War poetry context

War poetry context

"a text is the reflection of the context within which it is written"

All texts are influenced by the time and place in which they are produced. This is clearly seen in the two famous war poems, Wilfred Owen's "Dulce et decorum est." and Kenneth Slessor's "Beach burial". While Owen’s poem conveys the harsh reality of trench warfare during WWI, Slessor’s poem focuses on the tragic loss of lives after a WWII battle. They also both share similar themes: Owen presents a powerful condemnation of war, while Slessor criticizes the unnecessary loss of human lives. As a result, both poets offer their own opinions on the war, while reflecting and criticising the values and attitudes of their time period.

In 1914, during WWI, Owen shows what life for soldiers was like in “Dulce et decorum est." The imagery he uses in “men marched asleep" creates the image of soldiers that have no rest at all, causing the reader to feel sympathy for them. The oxymoron of “marched” and “asleep” conveys an ironic tone. The parallel ‘All went lame, all blind’, is used to show that everyone involved in war cannot escape it’s implications, resulting in severe physical injuries if not death. Here Owen highlights the consequences of war on humanity.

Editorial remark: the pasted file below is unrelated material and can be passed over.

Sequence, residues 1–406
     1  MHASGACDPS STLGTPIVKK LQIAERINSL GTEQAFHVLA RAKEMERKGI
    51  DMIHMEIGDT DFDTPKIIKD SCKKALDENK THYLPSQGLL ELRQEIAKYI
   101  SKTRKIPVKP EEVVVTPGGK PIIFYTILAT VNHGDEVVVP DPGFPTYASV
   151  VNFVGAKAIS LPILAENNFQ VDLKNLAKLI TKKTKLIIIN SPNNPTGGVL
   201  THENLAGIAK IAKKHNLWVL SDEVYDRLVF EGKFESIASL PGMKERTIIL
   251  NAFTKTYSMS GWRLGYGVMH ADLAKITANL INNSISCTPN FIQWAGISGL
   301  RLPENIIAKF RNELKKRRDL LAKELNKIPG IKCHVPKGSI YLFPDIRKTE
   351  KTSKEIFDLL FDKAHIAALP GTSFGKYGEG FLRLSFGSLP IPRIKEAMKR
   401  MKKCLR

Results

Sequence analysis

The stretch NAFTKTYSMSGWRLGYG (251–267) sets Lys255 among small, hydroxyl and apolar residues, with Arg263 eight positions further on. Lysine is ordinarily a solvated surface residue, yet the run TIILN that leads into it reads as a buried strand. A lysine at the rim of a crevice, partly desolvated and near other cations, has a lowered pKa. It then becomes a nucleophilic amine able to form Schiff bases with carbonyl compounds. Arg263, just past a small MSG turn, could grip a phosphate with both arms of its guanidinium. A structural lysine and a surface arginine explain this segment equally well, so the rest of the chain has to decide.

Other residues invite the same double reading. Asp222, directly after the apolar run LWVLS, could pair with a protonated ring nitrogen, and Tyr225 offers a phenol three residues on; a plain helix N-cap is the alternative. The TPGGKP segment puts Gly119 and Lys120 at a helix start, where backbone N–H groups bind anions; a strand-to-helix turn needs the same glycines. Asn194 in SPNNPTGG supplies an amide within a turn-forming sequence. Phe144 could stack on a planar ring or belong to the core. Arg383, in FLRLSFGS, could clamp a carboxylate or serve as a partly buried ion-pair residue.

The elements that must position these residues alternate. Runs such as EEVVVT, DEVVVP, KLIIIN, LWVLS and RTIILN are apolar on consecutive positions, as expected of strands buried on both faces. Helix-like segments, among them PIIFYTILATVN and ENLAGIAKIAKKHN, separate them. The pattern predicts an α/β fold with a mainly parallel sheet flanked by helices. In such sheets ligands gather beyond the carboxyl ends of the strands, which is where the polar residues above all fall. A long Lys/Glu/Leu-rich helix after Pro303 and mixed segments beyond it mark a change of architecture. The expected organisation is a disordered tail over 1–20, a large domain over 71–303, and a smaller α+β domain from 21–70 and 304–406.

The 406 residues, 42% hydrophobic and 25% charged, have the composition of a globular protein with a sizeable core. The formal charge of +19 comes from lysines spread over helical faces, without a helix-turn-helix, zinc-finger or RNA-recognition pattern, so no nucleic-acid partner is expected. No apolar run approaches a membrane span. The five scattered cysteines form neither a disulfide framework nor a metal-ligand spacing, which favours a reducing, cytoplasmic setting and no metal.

Vivid imagery in “He plunges at me, guttering, choking, drowning" evokes the image of a soldier that is in the throes of death. The emotive verbs arouse the terror and horror of soldiers suffering from a mustard gas attack. This is reinforce in the quote 'Gas! Gas! Quick boys!' which highlights the urgency of rapidly putting gas masks on to save their lives.

The poem conveys to readers the conditions of life for a soldier in the trenches, evoking a sense of pity for their suffering while condemning the horrible effects of war. This reflects Owens' dissaproval of the war which echoes with anti-war sentiments stirring in his own society as more young solders are sent off to war to die in vain.

In stanza four, ‘Some desperate glory’...

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